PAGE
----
Volvo Car Australia Managing Director Nick Connor fell into the automotive industry by accident. “I was working as a solicitor in London when one of my many automotive clients invited me to become its in-house lawyer – that’s how I came to  Volvo in 1995. After a few years, our managing director at the time called my bluff and said, ‘You think you’re so clever, why don’t you do more than just advise us and actually take on an operational role?’

“I’m not entirely sure whether he called my bluff or I called his in the end,” Nick laughs. “So, I took over as Network and Customer Service Director and then Sales Director and eventually Managing Director of  Volvo Car UK.”

Nick Connor Managing Director of Volvo Car Australia
Nick Connor, Managing Director of Volvo Car Australia

As head of the company’s fourth-largest market globally, Nick led a massive 60% sales increase before being named the inaugural CEO of Sweden’s Polestar in 2016. There, he oversaw its establishment as a standalone brand, charged with the design, development and production of separately branded, high-performance electrified cars after it became a wholly owned subsidiary of  Volvo Cars in 2015.

Now based in Sydney, Nick hopes to achieve the same sales success at Volvo Car Australia, which ended 2017 with 4,681 sales – down nearly 21% on the year before.

“I joined the Australian branch following a period of upheaval, so my priority was to make sure I had the right team on board and set simple objectives focused around our market share, profitability and customer satisfaction: we’re aiming for 1% market share, 2% return on sales for our dealers, and being in the top three in the automotive sector for customer satisfaction,” Nick explains.

“In my 23 years with Volvo, the auto world has changed enormously. Today, there’s much greater transparency in this industry and it’s important for dealers to ensure their employees are as informed as their customers are now.”

Nick Connor Managing Director of Volvo Car Australia

Initially, Nick expected the Australian and UK markets to be quite similar – but he quickly realised this was not the case. “There are about 70 brands (including heavy vehicles) competing for a slice of automotive pie in Australia and about half as many in the UK where the market is twice as big.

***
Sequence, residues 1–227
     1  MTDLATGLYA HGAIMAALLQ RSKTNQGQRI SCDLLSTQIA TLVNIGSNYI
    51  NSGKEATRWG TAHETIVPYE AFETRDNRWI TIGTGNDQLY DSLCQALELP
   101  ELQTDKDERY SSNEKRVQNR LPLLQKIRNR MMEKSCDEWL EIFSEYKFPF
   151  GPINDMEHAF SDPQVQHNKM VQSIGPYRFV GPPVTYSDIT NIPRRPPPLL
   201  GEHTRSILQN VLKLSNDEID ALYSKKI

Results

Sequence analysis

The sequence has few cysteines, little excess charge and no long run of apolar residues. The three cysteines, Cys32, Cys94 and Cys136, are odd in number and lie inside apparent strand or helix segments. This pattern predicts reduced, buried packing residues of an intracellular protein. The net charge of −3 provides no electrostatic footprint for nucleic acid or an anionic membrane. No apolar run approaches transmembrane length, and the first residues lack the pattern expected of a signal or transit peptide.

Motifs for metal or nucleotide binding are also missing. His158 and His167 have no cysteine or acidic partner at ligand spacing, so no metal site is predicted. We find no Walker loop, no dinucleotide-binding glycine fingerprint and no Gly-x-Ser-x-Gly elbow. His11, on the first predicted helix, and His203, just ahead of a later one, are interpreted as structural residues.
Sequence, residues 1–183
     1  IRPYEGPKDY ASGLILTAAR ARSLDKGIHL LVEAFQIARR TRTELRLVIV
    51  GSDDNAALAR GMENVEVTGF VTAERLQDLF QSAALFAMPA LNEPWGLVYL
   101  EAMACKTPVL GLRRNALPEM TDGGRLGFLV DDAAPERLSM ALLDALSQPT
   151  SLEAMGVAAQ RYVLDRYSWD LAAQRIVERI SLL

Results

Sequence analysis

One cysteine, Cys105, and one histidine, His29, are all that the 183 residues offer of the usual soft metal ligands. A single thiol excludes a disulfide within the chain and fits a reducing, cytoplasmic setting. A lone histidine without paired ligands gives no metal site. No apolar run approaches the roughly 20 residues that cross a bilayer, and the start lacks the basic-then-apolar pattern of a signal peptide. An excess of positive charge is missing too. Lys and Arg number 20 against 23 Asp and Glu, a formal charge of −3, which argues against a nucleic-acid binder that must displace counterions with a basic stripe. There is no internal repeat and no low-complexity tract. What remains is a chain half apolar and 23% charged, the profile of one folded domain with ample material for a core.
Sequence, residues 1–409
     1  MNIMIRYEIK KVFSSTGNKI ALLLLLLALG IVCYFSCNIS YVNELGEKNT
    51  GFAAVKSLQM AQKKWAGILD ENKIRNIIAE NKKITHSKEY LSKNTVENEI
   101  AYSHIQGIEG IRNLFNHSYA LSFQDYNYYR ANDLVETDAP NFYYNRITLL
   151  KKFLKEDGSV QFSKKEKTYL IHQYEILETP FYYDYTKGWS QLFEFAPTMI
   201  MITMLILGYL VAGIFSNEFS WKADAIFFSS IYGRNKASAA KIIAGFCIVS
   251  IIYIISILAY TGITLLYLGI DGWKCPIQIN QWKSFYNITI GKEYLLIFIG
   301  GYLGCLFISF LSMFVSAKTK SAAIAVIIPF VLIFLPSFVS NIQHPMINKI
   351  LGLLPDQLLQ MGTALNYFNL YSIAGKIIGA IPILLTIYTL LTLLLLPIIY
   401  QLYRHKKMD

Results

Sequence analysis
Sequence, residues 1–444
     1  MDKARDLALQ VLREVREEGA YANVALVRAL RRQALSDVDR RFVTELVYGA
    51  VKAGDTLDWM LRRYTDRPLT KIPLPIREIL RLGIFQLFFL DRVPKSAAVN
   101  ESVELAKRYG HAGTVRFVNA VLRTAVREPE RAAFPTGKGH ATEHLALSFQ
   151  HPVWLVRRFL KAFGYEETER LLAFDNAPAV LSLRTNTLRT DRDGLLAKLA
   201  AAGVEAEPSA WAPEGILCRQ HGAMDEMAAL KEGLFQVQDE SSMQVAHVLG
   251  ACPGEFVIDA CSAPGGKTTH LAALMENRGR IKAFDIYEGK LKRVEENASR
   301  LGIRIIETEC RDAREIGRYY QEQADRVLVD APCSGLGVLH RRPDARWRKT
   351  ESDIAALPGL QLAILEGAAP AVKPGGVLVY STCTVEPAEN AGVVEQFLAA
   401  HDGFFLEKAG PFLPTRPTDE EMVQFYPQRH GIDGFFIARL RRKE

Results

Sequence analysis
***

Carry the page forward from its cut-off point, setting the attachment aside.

The market here is heavily weighted towards sports utility vehicles and pick-up trucks and there’s a sheer geographical spread that’s tricky to manage,” he notes. “Australia is very wealthy, but we’re seeing lots of people using the equity in their homes to buy cars, so we need to make sure there’s a more comprehensive portfolio of finance products to help with that.”

While the markets are noticeably different, the Volvo culture remains constant and Nick is hoping to bring more of Sweden’s open, transparent and considered business approach to Australia. Volvo has had a long and established heritage in the country, and the brand continues to respond to changing conditions by holding onto its values and launching award-winning cars like the XC90, S90, the new XC40 and the new XC60 – which was recently voted Wheels Car of the Year 2018.

“Volvo’s Swedish values of safety, environmental concern and quality fall in line with those of Australians – and they’re values that have stayed the same for the past 90 years,” he notes. “People are moving away from flashiness and towards quality, subtle, functional and attractive European cars like Volvo.”

“Volvo’s Swedish values of safety, environmental concern and quality fall in line with those of Australians – and they’re values that have stayed the same for the past 90 years.”

Nick’s core objective is to drive Volvo’s market share from 0.5% today, to 1% by 2020 – or roughly 12,000 cars per year. “In terms of electrification, each model line will have an electric variant from 2019,” he notes.

By 2025, Volvo expects half of its sales to be fully electric, making it the first major automotive manufacturer to make this progressive move.

“When it comes to autonomous vehicles, the challenge is around government legislation that recognises that this technology is safe and reliable. So, I think we’re still a few years away from the point where these vehicles are completely foolproof, or at least better than human drivers.”